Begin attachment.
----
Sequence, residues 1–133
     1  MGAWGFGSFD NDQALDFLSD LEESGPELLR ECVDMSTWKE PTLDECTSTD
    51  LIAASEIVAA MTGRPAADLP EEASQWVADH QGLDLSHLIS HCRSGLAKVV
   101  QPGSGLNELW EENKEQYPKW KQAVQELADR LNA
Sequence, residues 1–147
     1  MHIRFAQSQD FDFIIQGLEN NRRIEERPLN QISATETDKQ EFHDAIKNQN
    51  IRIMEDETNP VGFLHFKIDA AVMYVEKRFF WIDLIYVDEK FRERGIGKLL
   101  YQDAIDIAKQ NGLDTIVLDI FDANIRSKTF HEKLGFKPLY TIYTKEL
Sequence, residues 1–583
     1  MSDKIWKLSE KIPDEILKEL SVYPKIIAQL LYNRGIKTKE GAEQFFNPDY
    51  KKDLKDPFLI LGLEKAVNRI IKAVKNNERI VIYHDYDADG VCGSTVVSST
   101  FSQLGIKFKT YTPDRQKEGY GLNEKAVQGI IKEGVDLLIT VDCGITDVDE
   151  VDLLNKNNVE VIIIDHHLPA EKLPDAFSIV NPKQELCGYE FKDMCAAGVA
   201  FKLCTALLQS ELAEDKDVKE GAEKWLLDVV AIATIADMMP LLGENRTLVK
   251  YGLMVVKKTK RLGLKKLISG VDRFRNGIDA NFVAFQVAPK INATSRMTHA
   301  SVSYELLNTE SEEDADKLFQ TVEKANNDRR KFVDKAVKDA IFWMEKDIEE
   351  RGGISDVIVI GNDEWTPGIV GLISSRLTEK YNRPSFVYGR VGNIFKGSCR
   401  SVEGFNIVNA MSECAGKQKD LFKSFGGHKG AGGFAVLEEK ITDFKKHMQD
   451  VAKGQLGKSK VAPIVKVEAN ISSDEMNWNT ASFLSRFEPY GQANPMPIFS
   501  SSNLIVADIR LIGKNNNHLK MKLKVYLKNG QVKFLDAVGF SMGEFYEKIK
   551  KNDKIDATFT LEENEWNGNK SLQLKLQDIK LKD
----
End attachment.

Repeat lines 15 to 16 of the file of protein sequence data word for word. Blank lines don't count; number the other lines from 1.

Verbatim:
   251  YGLMVVKKTK RLGLKKLISG VDRFRNGIDA NFVAFQVAPK INATSRMTHA
   301  SVSYELLNTE SEEDADKLFQ TVEKANNDRR KFVDKAVKDA IFWMEKDIEE